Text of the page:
Taking Gaga Off the Lebanese Shelves

Ashley Baxstrom: Not even a celebrity shout-out is enough to satisfy some.

The Los Angeles Times reported on Monday that Lady Gaga’s latest album Born This Way has been unofficially banned in Lebanon on the grounds that it may be “offensive to religion” in general and Christians in particular. The office of censorship said it had collected CDs and boxes full of the offending albums were reportedly stacked in Beirut police stations, though no formal ban has been announced by the government.

And all this despite the fact that the title single gives the country a shout-out:

Don’t be a drag, just be a queen
Whether you’re broke or evergreen
You’re black, white, beige, chola descent
You’re lebanese, you’re orient
Whether life’s disabilities
Left you outcast, bullied, or teased
Rejoice and love yourself today
‘Cause baby you were born this way

(Full lyrics here.)

The CD went on sale May 23, selling over 1.11 million albums in its first week. Single tracks have been released individually since February, drawing attention and criticism for their religious and sexual themes. The title track “Born This Way” – the first single released from the album in February – declares, “I’m beautiful in my way ‘cause God makes no mistakes. I’m on the right track baby, I was born this way.”  The song became a popular new anthem for the gay community (Elton John told Rolling Stone it was “the new ‘I Will Survive’”), but conservative Christians like Focus on the Family’s “gender and homosexuality analyst” Jeff Johnston don’t share that appreciation for the message. Johnston told the Christian Post the song takes away any hope Christians struggling with their sexuality have about the possibility to reform.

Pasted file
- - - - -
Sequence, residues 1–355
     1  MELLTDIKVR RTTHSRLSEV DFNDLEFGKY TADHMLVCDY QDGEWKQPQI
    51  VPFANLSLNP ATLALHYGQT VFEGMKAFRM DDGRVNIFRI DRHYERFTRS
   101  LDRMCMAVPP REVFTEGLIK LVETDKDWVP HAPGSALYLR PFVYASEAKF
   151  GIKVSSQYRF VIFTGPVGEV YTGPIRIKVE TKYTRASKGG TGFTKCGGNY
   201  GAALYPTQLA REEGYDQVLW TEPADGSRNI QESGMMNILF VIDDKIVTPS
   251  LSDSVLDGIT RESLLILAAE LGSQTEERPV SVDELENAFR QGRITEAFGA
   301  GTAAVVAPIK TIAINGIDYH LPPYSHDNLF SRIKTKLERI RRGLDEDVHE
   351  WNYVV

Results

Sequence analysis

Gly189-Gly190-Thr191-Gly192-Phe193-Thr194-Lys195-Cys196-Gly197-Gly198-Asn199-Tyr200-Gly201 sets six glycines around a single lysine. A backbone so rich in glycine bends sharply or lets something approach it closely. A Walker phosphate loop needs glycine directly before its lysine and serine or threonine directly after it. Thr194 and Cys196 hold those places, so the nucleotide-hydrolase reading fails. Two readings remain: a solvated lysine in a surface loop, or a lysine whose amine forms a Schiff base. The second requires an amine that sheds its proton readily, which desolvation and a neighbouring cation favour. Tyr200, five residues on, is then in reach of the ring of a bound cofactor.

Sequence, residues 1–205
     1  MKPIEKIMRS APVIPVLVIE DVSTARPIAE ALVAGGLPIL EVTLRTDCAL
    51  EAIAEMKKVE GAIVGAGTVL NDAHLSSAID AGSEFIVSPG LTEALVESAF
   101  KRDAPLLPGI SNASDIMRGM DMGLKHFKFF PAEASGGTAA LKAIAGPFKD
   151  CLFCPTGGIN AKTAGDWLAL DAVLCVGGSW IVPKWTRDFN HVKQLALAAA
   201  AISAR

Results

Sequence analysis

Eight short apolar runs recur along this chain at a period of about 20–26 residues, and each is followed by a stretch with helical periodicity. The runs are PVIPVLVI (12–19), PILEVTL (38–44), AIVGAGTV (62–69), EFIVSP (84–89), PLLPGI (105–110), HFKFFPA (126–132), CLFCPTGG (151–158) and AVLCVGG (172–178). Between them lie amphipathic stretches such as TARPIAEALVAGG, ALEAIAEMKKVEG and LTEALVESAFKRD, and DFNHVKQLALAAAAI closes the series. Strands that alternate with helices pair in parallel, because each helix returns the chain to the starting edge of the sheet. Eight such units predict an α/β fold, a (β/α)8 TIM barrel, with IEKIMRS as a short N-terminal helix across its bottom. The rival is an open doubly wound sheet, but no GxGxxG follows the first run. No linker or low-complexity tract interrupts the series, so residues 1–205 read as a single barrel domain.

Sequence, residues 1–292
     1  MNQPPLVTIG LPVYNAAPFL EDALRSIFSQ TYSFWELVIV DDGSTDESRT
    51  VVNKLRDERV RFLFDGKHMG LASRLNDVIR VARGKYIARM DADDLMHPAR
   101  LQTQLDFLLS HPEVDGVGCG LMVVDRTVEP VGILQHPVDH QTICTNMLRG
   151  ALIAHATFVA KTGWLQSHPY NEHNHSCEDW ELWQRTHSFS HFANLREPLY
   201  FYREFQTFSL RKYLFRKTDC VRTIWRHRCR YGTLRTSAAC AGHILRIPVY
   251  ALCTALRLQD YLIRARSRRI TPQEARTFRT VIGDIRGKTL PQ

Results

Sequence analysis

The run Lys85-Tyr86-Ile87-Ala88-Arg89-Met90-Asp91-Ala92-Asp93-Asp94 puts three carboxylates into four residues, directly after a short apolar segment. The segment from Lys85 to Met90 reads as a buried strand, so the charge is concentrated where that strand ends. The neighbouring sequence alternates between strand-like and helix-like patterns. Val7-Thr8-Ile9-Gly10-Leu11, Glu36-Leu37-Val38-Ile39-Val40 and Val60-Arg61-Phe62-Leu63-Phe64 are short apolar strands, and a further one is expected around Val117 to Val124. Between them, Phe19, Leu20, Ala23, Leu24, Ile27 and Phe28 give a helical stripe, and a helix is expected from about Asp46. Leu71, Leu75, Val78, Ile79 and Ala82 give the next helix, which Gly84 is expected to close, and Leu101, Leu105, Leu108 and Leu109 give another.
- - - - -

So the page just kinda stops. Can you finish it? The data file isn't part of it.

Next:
The most recent single has also attracted plenty of Christian feedback. “Judas” describes Gaga’s kind-of-three-way-relationship with Jesus and Judas – “I wanna love you but something’s pulling me away from you. Jesus is my virtue and Judas is the demon I cling to” –  and the music video depicts her as a modern-day Mary Magdalene, caught between the two men as leaders of rival biker gangs; one scene shows her washing their feet. The song itself was banned in Lebanon last month (in accordance with Article 75 of the 1962 Lebanese Law for distribution of print media, which states that, “Distributors are prohibited from circulating media that diverges from public decency and morality, or is at odds with nationalistic or religious beliefs.”)

But then again, “as we all know,” Lady Gaga is an agent of the Illuminati – so those Lebanese censors might be smart for making the first move.


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